BY some of the more simplistic measures, a population of 200 renders an area as a “town”.
Demographer Bernard Salt used the measure to calculate 38 Australian towns lost their township status at the 2011 census, basing his thinking on classifications from the Australian Bureau of Statistics.
In the 2016 census, three very different towns near Bendigo suffered the same indignity: Serpentine, Toolleen and Mia Mia.
Mia Mia, a location synonymous with tree-changers, CFA volunteers and mispronunciation (“Myer Myer”, not “mere mere”) saw its population drop from 265 in 2011, to 178 in 2016.
But the area has plenty of heart. Three years ago, volunteers released a book titled Mia Mia: The Place and Its People detailing its rich history.
They expected to sell 100 copies, but instead sold 400.
As volunteer Kate Hicks put it, the book allowed members of the vast Mia Mia “diaspora” to relive their upbringing.
“Many people have retained very fond memories of living in Mia Mia. The book helped us to realise the passion and fondness people have for the area,” she said.
“It’s always been more of a hamlet than a town.”
Its population may have dropped below 200, but Mia Mia still boasts 36 members on its CFA roster and covers one of the largest areas in regional Victoria.
Perhaps more surprising was Serpentine’s alleged loss of township status – from 307 in 2011, to 192 in 2016.
With a well-manicured football oval, a popular pub and busy roadhouse, Serpentine still maintains the characteristics of a rural town. A good buffer between Kerang and Bendigo means it’s never short of roadtrip visitors.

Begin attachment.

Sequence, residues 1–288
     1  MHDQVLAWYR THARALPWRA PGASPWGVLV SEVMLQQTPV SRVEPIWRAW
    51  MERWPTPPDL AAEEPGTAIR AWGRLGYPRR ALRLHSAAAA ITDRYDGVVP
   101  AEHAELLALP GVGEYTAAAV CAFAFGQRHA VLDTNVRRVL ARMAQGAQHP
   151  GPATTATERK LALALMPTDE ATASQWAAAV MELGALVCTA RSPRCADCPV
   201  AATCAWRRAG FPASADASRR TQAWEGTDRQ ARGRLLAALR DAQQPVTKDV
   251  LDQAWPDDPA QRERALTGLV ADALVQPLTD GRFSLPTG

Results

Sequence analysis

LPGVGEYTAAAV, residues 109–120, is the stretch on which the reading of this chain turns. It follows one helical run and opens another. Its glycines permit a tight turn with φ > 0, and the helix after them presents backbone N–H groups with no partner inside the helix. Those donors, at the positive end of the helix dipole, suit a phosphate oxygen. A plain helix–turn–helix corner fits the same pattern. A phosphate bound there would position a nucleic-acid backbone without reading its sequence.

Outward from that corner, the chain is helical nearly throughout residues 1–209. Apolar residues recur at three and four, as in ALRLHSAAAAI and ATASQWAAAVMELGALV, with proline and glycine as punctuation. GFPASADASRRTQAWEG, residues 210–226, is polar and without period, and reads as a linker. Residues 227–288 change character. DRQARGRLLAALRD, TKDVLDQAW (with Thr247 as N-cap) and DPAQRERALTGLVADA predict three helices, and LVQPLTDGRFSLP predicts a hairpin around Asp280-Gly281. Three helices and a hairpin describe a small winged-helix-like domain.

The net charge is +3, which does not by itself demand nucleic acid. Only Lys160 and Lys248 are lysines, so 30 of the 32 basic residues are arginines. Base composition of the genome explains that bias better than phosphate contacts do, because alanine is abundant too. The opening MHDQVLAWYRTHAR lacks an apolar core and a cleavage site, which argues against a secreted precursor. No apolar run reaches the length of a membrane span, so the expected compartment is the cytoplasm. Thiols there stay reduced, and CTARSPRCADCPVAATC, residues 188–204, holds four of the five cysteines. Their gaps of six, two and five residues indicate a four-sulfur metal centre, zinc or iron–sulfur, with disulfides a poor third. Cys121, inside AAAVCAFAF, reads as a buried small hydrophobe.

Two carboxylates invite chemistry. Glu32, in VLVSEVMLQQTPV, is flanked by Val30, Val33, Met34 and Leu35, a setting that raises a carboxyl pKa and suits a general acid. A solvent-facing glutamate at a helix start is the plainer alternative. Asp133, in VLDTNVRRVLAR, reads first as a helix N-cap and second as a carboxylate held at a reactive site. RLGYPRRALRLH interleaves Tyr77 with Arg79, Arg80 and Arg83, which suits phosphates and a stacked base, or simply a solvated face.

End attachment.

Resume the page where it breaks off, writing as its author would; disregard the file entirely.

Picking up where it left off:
Yet the number of families in the area almost halved in five years.
Wine-rich Toolleen also dropped below the threshold, but few would argue the area has the elements of a town. It’s always been more of a rural locality.
So does 200 even matter?
ABS assistant director media, digital and design communications Mark Hindle said the figure of 200 was set to aid in data gathering – and was just one factor to consider.
To be precise: above 200 usually lists an area under “urban centres and localities”, below 200 typically means “state government gazetted localities”.
“These areas of urban development are primarily identified using objective dwelling and population density criteria using data from the 2016 census,” Mr Hindle said.
“The 200 minimum population size is set to enable users to access cross classified census data for these areas without the resulting counts becoming too small for use.”
These measurements could change, however, as the ABS considers updating its classifications.
It might not mean the end of the townships of Serpentine, Mia Mia and Toolleen after all.